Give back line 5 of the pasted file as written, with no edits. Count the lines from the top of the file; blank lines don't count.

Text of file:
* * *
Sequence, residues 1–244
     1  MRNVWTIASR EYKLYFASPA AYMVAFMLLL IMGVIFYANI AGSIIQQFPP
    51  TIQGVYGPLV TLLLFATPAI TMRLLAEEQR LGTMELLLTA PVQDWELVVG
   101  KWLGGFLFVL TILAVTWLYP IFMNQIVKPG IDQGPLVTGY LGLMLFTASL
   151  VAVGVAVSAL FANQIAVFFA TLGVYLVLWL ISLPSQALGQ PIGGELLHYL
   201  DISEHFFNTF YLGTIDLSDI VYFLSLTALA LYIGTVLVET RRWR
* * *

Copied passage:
   151  VAVGVAVSAL FANQIAVFFA TLGVYLVLWL ISLPSQALGQ PIGGELLHYL